By Carl A. Brasseaux
Louisiana's African-American population is highly diverse, but three groups are most historically significant: Creoles of Color, blacks whose ancestors traveled to Louisiana from the East Coast, and Haitian immigrants.
Creoles of Color are generally descended from free persons of color--blacks who were free before the Civil War. Free persons of color, in turn, were usually descendants of Louisiana's first African slaves who had entered into common law marriages with white planters. Upon the dissolution of these liaisons, the planters often freed their mistresses and children and provided them with land, money, livestock, and, sometimes, slaves. Following the Civil War, the former free people of color began to identify themselves as Creoles--much to the dismay of the white Creoles. The community, which has retained this identity to the present, is currently enjoying a cultural renaissance, which has seen the flowering of Zydeco music.
African-Americans whose ancestors lived along the East Coast constitute a large majority of Louisiana's African-American population. Shortly after the Louisiana Purchase (1803), the United States Congress banned the importation of foreign slaves into Louisiana. As a consequence, Louisiana slave dealers were forced to acquire slaves from elsewhere in the United States. Between 1805 and 1860, slaves making their way to the New Orleans slave markets were drawn primarily from the surplus slave populations of Virginia and the Carolinas. These slaves were sent to New Orleans from steamboat ports on the Ohio and Tennessee rivers, giving rise to the term "being sold down the river." In Louisiana (particularly southern Louisiana), the Virginia and Carolina slaves were distinguished from their native-born counterparts by language and religion. Unlike slaves born in Louisiana during the colonial era, the newcomers spoke English and were Protestants. The descendants of these slaves took Anglo surnames (such as Mitchell, Jones, and Handy) in the 1870 census to distinguish themselves from their former French-speaking owners.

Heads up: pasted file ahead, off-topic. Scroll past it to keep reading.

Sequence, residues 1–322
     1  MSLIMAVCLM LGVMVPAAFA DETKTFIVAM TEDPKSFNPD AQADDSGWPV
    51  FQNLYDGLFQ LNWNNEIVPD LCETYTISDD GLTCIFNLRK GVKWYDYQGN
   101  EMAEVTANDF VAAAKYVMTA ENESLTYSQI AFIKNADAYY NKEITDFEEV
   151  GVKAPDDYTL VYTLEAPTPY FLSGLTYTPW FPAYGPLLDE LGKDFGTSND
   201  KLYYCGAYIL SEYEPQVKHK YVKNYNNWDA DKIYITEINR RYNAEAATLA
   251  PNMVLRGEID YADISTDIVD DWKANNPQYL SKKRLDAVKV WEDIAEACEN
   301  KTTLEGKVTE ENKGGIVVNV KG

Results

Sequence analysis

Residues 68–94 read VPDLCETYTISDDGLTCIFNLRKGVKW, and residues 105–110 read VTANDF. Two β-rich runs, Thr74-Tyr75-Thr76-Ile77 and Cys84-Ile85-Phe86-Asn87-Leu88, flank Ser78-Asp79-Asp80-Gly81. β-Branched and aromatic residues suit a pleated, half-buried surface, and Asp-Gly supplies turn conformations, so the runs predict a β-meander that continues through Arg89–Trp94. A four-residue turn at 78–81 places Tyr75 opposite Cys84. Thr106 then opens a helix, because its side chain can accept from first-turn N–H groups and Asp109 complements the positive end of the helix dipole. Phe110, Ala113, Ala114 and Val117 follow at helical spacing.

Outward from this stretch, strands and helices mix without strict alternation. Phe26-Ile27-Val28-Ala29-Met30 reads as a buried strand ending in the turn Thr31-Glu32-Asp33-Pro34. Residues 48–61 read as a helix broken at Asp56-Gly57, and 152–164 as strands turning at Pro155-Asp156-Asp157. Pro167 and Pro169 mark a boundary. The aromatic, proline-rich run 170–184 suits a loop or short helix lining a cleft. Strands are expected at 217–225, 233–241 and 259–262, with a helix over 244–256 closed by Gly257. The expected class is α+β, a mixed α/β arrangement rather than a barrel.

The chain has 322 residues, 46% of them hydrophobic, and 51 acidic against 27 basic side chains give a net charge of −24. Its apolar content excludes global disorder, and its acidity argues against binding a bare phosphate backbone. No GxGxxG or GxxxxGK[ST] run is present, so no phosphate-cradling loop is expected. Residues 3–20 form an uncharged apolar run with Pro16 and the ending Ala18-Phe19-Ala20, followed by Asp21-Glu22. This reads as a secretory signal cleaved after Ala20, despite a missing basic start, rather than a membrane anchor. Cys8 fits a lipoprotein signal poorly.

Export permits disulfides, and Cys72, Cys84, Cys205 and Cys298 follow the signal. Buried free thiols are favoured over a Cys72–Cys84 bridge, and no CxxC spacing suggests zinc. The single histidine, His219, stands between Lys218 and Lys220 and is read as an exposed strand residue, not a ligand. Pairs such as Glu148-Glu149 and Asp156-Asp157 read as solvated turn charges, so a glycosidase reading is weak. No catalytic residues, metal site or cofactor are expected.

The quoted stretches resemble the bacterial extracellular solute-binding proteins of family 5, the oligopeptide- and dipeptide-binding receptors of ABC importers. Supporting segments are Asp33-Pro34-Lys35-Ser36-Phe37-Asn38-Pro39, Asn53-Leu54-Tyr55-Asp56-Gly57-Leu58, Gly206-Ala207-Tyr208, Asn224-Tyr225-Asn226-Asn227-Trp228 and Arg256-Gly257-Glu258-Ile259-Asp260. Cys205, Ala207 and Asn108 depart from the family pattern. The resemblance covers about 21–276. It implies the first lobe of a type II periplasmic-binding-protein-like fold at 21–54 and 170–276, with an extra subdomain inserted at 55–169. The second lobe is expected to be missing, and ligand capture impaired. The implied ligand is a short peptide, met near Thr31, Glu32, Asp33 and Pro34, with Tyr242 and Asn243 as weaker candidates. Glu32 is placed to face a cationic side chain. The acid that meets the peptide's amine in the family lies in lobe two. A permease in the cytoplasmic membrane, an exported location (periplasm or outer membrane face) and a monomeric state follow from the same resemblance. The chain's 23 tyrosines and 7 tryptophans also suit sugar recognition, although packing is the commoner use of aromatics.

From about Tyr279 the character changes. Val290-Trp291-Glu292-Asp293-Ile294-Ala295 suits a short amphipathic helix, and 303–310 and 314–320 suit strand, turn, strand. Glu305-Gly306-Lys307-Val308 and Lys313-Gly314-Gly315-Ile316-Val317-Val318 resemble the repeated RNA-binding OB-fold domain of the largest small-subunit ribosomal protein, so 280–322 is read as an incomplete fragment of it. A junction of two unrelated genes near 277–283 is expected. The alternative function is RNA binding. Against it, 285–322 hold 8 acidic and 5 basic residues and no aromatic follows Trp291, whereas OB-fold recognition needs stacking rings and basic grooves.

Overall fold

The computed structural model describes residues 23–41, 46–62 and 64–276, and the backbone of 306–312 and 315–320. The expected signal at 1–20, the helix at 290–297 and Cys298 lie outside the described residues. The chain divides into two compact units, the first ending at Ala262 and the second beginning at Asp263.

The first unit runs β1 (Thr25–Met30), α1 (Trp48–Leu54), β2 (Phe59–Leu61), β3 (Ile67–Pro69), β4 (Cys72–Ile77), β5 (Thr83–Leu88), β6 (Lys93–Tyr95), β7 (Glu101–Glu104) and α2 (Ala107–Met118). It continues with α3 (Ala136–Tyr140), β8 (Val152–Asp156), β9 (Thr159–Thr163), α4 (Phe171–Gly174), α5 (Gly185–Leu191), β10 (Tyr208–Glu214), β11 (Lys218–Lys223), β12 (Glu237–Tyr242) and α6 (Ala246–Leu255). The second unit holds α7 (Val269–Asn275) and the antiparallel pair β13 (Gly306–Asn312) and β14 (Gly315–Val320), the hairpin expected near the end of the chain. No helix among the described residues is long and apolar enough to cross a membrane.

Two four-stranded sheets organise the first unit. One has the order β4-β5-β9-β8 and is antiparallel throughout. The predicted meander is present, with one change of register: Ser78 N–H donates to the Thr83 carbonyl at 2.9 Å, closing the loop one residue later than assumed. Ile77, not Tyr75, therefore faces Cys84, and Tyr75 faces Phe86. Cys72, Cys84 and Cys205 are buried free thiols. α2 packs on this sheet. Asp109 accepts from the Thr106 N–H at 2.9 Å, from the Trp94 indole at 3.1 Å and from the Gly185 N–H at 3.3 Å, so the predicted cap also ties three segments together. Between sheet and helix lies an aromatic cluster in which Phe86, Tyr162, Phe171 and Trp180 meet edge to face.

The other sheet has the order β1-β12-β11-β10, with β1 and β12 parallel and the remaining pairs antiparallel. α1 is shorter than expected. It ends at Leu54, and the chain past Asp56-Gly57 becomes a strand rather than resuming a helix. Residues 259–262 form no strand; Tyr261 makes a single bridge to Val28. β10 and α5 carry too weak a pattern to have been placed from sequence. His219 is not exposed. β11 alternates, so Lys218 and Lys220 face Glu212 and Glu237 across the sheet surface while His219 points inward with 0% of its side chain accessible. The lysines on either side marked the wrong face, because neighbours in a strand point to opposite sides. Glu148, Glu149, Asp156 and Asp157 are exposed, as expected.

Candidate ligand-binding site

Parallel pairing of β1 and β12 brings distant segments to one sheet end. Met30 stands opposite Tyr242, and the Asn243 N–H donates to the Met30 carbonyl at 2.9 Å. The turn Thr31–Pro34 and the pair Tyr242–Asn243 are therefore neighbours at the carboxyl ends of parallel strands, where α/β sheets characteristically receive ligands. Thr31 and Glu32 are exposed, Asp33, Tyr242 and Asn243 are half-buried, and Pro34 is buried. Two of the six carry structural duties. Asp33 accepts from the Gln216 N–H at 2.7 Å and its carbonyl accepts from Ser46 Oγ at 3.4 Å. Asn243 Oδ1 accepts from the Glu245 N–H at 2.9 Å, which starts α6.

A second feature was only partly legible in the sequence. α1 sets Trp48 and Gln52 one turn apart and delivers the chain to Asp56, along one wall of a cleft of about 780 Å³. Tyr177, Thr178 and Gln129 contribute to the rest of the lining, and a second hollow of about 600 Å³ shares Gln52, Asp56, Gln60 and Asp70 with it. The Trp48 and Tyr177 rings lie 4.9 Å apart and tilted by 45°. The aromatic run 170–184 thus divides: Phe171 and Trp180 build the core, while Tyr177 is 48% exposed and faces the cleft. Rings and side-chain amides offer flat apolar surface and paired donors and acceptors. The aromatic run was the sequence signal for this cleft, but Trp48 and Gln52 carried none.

Haitian immigrants have established a significant community in New Orleans over the past two decades. These emigrants from Hispañola are by no means the first to reach Louisiana. During a six-month period in 1809, approximately 10,000 refugees from Saint-Domingue (present-day Haiti) arrived at New Orleans, doubling the Crescent City's population. Approximately one-third of the refugees were free persons of color and an additional one-third were slaves (primarily domestics). The vast majority of these refugees established themselves permanently in the Crescent City.